LIFETIME ACHIEVEMENT: Oscar and Elderlene Keller have built legacy of service
For all of their joint success throughout 71 years of marriage, Oscar and Elderlene Keller count their family as their greatest accomplishment and asset.
To date, their clan consists of three children, nine grandchildren and 25 great-grandchildren — all of whom were born into a legacy of community service.
“I think we’ve all worked together and accomplished a lot of good for the public and ourselves,” Oscar said. “Personally, I’m proud of it.”
The couple’s manifold contributions encompass areas as diverse as health care, banking, transportation and civic organizations — for which they have been recognized with The Herald’s Lifetime Achievement Award for 2012.
“I think it’s absolutely great to honor both of us with anything,” Oscar said of the distinction. “We’ve both been here many years, and we’ve served the public, and we think we’ve done a good job with it.”
The 91-year-old Jonesboro native said he and his wife, now 89, have been “lucky from the day we were married ... and we have strived every day since then to have a reputation in this community.” Family members describe Oscar as a “self-made man” who started in the workforce as a meat cutter and whose background also includes stints as a heavy machinery supervisor during World War II, salesman for a bakery and chemical company, president and owner of Fast-Lane convenience stores and owner and operator of a restaurant in Aberdeen. Elderlene has worked as as a radio station manager and as a bookkeeper for the U.S. Marines during World War II and for Sprott Brothers Furniture before entering the nursing field.
Since the 1950s, the pair have been pioneers in the health care industry. They built, owned, operated and leased Keller Nursing Home from 1959 to 1996 — one of the first such facilities built in the state. They followed with Lenoir Nursing Home in Kinston, which they leased and operated until 1971.
To the present, the Kellers retain ownership of multiple facilities and services, including Oakhaven Retirement Home, Oakhaven Retirement Home II, Keller Family Care Home, Parkview Retirement Center and Parkview In-Home Aide Service. The service provides aid to residents of Lee, Chatham and Harnett counties and was the first licensed in-home aide service in Lee County.
License number one for N.C. nursing home administrators is in Oscar’s name, and he has served the industry in numerous capacities — acting as former chairman of the N.C. Board of Examiners for Nursing Home Administrators and being named a board member to the National Association of Boards of Examiners for Nursing Homes. Elderlene is a former secretary for the N.C. Nursing Home Association.
Today, said their daughter Judy Normann, the Kellers’ health care operations employ more than 250 people. Normann and her sister, Linda Kelly, now work in the facilities as administrators.
“We have many employees who have been with us 25 years or more,” Normann said, “which I think speaks highly.”
Oscar blazed trails in the banking field as well, founding and formerly chairing the boards of directors for Triangle and Capital Bank. He served on boards of directors for other institutions, too, including Carolina Bank, Branch Banking and Trust, Mid-South and Centura Bank and Trust.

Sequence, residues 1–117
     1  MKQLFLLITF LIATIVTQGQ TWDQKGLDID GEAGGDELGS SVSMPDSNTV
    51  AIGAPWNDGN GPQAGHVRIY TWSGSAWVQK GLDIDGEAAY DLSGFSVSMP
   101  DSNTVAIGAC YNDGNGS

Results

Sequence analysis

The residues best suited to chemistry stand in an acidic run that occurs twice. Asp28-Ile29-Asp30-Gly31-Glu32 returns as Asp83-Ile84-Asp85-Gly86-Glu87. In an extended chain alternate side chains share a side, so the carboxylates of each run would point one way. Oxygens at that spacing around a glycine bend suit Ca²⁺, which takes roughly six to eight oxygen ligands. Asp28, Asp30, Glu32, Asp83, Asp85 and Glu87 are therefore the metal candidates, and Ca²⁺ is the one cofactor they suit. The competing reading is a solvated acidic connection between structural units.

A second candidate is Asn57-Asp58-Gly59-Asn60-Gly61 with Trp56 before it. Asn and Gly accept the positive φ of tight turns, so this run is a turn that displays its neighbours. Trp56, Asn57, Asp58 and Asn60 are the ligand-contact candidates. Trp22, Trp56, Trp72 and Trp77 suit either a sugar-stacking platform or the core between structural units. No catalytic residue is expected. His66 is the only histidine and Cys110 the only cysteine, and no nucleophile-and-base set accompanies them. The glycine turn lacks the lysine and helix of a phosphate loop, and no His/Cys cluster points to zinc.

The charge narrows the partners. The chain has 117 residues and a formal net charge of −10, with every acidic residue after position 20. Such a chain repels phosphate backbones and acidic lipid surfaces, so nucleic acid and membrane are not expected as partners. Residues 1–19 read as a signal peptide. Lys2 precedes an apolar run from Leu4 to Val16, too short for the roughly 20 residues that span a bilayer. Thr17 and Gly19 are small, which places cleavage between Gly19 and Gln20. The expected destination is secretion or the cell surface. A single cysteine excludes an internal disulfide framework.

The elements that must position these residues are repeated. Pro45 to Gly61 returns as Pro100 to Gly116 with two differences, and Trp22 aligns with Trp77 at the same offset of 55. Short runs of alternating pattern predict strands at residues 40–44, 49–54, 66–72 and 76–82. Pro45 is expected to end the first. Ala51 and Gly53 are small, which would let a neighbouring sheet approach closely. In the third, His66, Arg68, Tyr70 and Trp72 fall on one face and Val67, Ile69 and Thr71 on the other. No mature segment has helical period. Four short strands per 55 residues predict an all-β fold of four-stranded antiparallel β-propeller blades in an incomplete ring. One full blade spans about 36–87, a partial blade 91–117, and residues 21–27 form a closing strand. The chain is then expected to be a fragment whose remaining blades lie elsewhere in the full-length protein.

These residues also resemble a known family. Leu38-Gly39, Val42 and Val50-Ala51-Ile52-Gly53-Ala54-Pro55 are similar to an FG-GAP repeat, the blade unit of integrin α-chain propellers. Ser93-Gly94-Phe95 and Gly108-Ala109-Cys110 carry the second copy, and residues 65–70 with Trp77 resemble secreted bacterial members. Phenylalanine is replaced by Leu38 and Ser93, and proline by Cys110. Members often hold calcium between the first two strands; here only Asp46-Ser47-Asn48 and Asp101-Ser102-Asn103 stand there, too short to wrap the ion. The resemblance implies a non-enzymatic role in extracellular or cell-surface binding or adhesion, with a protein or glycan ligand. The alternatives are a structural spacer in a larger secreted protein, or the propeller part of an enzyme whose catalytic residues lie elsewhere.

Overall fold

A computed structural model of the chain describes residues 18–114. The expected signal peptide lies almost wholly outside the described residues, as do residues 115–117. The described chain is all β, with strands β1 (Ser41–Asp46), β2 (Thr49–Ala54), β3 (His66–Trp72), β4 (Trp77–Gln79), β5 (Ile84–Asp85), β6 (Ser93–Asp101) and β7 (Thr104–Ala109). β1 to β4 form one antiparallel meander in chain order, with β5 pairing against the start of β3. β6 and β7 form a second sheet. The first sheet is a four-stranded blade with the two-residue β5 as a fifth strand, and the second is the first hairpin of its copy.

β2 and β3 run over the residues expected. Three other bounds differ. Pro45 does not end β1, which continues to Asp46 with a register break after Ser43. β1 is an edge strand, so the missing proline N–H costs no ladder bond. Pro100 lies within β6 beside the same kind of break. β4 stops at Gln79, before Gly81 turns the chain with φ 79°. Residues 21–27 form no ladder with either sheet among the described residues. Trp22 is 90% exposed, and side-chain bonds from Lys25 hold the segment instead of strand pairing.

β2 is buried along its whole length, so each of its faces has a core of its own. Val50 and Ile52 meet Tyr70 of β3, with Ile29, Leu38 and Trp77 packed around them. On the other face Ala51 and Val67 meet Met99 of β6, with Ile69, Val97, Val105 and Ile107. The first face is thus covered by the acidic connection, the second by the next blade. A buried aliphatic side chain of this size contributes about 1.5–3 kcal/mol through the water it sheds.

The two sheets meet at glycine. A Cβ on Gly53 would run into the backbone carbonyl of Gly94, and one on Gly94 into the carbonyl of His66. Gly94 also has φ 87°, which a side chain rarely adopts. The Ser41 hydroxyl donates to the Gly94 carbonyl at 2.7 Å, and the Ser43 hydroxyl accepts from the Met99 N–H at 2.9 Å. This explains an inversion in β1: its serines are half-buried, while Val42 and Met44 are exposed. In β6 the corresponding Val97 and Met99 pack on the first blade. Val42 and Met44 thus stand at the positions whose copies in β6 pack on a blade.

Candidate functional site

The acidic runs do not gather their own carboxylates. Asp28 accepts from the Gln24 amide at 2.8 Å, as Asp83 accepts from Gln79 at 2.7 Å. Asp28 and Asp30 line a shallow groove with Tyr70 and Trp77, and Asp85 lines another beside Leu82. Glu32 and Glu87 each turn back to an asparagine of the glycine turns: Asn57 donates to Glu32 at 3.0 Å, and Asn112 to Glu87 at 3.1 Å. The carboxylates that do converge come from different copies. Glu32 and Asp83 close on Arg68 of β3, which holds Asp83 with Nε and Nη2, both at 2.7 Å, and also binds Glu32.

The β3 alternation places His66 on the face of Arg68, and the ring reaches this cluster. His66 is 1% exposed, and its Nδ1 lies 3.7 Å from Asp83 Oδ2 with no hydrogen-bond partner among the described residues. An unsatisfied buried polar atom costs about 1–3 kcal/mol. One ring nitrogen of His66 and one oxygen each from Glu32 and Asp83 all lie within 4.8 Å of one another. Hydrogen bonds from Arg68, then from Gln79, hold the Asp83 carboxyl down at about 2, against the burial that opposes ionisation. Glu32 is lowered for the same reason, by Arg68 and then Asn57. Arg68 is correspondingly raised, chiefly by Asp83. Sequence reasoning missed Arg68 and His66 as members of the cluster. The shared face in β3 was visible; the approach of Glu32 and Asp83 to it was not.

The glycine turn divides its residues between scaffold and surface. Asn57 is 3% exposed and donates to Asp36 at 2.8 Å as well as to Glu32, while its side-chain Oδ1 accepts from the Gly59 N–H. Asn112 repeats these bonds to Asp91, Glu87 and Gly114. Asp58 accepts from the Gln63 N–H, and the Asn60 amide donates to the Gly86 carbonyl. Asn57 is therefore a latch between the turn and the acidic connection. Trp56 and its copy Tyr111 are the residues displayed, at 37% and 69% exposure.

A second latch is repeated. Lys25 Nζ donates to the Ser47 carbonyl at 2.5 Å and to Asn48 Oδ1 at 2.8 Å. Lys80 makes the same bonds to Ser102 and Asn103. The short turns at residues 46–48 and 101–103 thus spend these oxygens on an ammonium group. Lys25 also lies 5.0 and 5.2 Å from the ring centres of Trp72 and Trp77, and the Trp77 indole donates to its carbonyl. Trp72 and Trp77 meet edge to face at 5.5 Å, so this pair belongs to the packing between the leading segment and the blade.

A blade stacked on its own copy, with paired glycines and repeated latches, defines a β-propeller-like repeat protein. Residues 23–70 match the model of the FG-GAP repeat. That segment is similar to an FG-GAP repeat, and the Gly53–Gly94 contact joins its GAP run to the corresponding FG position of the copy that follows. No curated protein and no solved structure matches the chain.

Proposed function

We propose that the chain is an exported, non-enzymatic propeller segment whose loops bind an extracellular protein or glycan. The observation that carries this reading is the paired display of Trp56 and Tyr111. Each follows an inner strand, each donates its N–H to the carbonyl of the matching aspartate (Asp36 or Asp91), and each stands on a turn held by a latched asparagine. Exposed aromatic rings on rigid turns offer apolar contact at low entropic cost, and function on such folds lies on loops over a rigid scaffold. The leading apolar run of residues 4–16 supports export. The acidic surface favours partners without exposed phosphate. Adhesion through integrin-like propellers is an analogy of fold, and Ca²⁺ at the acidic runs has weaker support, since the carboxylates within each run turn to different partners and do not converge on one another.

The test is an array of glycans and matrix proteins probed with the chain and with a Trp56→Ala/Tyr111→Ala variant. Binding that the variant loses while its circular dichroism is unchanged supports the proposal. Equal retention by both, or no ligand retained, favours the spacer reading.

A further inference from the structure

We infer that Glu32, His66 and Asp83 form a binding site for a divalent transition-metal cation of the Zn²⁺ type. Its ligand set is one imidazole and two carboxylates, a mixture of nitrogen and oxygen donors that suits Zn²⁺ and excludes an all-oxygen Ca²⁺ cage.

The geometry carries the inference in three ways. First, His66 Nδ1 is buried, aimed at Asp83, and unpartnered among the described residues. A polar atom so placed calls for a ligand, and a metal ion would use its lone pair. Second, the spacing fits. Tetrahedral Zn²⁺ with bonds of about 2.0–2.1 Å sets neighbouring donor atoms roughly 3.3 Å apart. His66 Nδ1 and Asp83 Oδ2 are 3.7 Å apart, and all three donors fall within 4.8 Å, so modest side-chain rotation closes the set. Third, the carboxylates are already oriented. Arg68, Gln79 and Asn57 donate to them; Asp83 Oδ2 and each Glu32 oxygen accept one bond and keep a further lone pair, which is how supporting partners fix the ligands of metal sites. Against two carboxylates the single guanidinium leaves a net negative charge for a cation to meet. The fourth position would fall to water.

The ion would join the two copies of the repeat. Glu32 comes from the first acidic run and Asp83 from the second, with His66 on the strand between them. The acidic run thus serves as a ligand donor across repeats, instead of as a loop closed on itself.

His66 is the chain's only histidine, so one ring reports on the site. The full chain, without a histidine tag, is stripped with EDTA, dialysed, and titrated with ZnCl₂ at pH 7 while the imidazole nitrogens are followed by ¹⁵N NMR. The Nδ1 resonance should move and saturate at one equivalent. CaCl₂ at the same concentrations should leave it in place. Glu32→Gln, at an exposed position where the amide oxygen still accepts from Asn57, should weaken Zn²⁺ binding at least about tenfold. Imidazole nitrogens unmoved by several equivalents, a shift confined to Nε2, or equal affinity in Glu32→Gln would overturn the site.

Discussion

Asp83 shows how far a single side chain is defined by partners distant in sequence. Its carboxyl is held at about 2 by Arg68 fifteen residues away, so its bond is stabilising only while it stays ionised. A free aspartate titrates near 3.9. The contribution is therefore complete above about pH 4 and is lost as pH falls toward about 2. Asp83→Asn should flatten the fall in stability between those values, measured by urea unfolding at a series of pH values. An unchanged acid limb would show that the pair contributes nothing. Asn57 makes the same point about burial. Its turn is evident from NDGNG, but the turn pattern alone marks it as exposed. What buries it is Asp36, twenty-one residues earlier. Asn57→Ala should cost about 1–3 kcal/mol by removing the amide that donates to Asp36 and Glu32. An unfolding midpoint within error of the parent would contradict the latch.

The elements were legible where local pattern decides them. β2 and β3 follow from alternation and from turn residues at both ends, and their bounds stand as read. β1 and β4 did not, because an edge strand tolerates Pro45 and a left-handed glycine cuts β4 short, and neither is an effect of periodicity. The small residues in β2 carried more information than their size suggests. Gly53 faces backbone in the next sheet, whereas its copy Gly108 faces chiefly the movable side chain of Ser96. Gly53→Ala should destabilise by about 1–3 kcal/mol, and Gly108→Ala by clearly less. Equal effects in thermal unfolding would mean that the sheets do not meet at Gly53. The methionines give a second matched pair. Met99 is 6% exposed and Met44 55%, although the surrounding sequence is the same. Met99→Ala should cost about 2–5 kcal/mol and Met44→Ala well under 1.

Reflecting on these achievements, Oscar said, “I’m most proud of the fact that I started something, I stayed with it, and I’m still with it.” As a well-known local businessman, Keller has counted many prominent citizens as friends and acquaintances, including several governors and late Herald founder and publisher emeritus Bill Horner Sr.
“I played golf with him; I learned a lot from him,” he said of Horner. “He had great ideas, and he didn’t mind telling you what he thought about anything.”
Aside from their professional resumes, the Kellers have a long history of community involvement — which includes, but is not limited to, several local Baptist churches. Elderlene was once a PTO president and Eastern Star member, and her love of the arts found an outlet in the Sanford Brush and Palette Club.
Oscar, a longtime member of the Masonic Lodge, was also formerly active in the Sanford Jaycees and the boards for the Bread Basket, the Lee County Recreation and Environmental Health boards and the Central Carolina Community College Foundation Board. He also worked with the contractor that oversaw construction of the Boys & Girls Clubs and assisted in securing grants.
In recognition of Oscar’s status as a local leader, and acknowledgment of his role in coordinating the project, a segment of the U.S. 421 bypass was named as the Oscar Keller Jr. Highway in his honor in 2008.
“He’s done more for Sanford and Lee County than anybody I know, and most people don’t know it” real estate agent and friend Albert Adcock said at the time. “He goes and gets things done when they need to be done.”
And while no one would blame the pair for taking it easy, family members say the Kellers remain very much involved in their family enterprises.
“He beats us to work every morning,” daughter Normann said, adding that Oscar reports for duty each day at 8 a.m. and won’t leave until after 5 p.m.
Praising her parents’ strength and work ethic, Kelly said, “We love what we do, all of us, or we wouldn’t do it.”
For Elderlene, the greatest of life’s joys is “having all our children around us, being able to work and still help people.”
Oscar said he and his wife have lived to see many of their dreams come to fruition through dedication and hard work. While he said he hopes to see the rest of the bypass completed, he appraises the past and the present with satisfaction.
“I’ve got a great life,” he said, “no complaints.”